In the 1820s, 1830s he was mentioned as having connection to George  Stephenson . ( Inventor of the Locomotive, the miner lamp and “Father of the Railway”)
The company grew fast with his son James John Stevens joining and expanding the firm taking part in the Great exhibition of 1851 and 1861 so in the pre Glasgow branch (1865) they already had close to 70 employees while the new SIGNAL WORK kept growing after his father the founder John Stevens died (1861)
James moved with his family to Glasgow in the 1860’s.

Stevens & Sons c. 1865 James John Stevens age 58, and two sons James Stevens Jr.age 25 & Warwick Alan Stevens age 23. [other sons which seemed to be less involved in the family business are Leicester Bradney Stevens 1851-1914 and Stafford Evan Stevens 1845 – 1866 who died at the age of 21 are not in photo]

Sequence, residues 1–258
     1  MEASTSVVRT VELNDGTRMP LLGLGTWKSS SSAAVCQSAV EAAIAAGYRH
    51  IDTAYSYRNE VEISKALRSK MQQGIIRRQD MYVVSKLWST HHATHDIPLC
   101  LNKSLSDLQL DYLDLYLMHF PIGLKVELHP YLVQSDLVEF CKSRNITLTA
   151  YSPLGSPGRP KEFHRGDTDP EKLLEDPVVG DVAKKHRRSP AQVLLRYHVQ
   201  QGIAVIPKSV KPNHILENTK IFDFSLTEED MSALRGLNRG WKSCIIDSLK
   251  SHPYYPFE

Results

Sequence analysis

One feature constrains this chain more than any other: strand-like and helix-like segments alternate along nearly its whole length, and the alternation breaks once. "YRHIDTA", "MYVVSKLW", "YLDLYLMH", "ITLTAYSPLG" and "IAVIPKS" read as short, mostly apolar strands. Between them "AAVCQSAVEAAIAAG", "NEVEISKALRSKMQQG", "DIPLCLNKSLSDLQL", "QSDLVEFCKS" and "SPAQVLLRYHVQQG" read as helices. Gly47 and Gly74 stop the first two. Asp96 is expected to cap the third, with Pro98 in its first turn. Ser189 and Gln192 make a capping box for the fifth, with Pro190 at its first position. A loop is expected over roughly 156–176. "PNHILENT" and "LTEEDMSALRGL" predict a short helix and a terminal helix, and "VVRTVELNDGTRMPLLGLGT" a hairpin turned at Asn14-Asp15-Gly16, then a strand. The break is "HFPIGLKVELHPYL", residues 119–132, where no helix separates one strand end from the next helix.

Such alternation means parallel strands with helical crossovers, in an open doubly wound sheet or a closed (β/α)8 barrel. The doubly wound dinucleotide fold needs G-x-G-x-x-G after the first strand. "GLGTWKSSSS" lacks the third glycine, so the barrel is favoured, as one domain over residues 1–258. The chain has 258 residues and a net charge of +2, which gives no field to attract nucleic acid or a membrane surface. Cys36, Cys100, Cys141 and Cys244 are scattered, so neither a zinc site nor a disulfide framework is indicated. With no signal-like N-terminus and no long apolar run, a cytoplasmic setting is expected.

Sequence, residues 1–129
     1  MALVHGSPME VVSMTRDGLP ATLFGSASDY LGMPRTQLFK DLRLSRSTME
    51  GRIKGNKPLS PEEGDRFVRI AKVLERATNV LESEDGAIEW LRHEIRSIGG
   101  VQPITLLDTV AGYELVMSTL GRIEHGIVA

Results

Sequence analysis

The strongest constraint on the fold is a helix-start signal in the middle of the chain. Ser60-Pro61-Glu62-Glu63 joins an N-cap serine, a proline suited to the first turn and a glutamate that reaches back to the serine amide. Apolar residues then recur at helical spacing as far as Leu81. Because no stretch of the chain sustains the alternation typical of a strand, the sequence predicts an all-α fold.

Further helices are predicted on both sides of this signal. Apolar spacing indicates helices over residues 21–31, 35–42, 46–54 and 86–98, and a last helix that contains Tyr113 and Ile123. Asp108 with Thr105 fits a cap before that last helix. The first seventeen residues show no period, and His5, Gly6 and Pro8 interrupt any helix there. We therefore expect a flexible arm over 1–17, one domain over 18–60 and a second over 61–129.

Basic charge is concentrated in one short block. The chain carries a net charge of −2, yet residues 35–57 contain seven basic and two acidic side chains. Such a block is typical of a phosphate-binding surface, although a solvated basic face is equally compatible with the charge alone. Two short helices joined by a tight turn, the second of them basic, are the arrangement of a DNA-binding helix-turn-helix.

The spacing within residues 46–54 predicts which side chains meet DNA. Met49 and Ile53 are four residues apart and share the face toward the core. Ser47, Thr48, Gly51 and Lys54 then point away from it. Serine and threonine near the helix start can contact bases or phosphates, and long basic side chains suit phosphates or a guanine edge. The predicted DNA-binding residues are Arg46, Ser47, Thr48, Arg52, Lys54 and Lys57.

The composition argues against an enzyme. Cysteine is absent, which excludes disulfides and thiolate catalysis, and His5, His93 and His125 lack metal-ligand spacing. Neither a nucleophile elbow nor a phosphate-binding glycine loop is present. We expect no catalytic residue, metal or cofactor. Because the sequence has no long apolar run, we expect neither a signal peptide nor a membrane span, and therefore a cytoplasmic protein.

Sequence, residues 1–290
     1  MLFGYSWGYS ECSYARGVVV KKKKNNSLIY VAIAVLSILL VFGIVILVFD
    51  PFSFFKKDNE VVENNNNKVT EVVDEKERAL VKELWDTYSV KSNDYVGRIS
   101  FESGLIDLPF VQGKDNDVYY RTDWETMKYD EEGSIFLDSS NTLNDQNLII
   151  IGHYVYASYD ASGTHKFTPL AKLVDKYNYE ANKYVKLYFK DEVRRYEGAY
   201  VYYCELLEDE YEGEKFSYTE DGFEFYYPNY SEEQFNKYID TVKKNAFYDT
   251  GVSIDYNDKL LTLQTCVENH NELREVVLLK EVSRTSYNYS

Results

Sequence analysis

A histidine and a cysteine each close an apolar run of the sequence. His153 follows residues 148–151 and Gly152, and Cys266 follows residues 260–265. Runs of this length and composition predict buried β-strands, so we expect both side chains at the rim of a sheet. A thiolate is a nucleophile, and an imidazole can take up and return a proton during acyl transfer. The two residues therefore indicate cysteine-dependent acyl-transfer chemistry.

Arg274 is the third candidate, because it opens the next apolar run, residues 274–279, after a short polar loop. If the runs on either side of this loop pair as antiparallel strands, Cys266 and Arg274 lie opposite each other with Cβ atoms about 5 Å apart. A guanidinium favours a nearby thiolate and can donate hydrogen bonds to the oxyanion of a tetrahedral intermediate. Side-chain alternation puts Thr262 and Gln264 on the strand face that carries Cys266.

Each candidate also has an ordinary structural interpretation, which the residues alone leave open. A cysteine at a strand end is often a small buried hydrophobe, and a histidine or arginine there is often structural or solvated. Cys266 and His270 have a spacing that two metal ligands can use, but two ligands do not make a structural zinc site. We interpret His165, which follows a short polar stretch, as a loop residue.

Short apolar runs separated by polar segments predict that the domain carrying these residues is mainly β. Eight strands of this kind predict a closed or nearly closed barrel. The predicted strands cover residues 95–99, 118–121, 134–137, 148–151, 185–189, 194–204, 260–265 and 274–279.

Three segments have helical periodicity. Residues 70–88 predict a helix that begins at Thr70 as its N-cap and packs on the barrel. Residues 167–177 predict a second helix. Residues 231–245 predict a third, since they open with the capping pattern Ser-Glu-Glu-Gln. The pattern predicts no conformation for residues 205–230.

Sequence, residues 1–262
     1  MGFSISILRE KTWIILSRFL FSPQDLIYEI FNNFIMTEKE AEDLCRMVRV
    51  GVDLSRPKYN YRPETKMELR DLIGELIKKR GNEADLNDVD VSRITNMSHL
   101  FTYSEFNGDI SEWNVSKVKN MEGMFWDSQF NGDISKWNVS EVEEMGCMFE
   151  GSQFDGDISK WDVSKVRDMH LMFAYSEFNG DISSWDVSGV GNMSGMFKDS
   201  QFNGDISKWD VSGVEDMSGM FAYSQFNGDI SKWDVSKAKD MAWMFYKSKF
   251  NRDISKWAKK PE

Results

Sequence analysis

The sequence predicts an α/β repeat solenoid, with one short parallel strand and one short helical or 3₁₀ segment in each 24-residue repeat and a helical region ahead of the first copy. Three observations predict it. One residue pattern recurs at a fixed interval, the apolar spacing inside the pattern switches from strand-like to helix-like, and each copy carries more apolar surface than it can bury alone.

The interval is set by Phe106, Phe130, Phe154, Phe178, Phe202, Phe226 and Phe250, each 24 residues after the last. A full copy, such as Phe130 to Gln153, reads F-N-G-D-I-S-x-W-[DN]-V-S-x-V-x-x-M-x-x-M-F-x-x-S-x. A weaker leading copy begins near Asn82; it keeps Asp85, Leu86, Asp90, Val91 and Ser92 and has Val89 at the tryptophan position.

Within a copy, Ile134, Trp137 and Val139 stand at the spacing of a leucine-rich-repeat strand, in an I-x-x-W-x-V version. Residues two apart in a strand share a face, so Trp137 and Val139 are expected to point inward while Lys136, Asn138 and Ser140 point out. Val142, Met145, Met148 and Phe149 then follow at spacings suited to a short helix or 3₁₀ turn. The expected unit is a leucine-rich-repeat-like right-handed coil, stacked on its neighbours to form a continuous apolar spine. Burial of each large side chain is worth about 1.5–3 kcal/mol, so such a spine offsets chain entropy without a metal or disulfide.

John Stevens Tombstone * at Norwood grave 3817, square 47
(d. December 4 1861 )
other burials at
the grave are
James John Stevens ,
Caroline Matilda Stevens
(d .19th Nov 1871),
Anna Maria Stevens
(d. 26June 1858 )
and Stafford Evan Stevens
(d.12 March1866 )

 

 

General note and observation with some reservation: At the time period, there were no whistle makers per se but rather brass founders iron mongers and Arm makers, Kitchen ware manufacturers Button makers and other goods, who made whistles as a “side line”, Today whistle collectors and scholars relate to some as Whistle Makers. This article here concentrates on the general Company History and whistles made or attributed to Stevens & Sons and less in many other aspects ( There are many details ) of the family Biography.
See my article about 19th century Whistle Makers.
It is also important to understand that as manufacturers and factory owners had rarely a shop of their own and were dependent on orders from retailers, contractors and companies, this explains that rarely an actual manufacturer name is stamped and many times a stamp of the retailers,
companies or inventor appears.

Stevens & Son, were one of the 3 great whistle makers up to 1860s.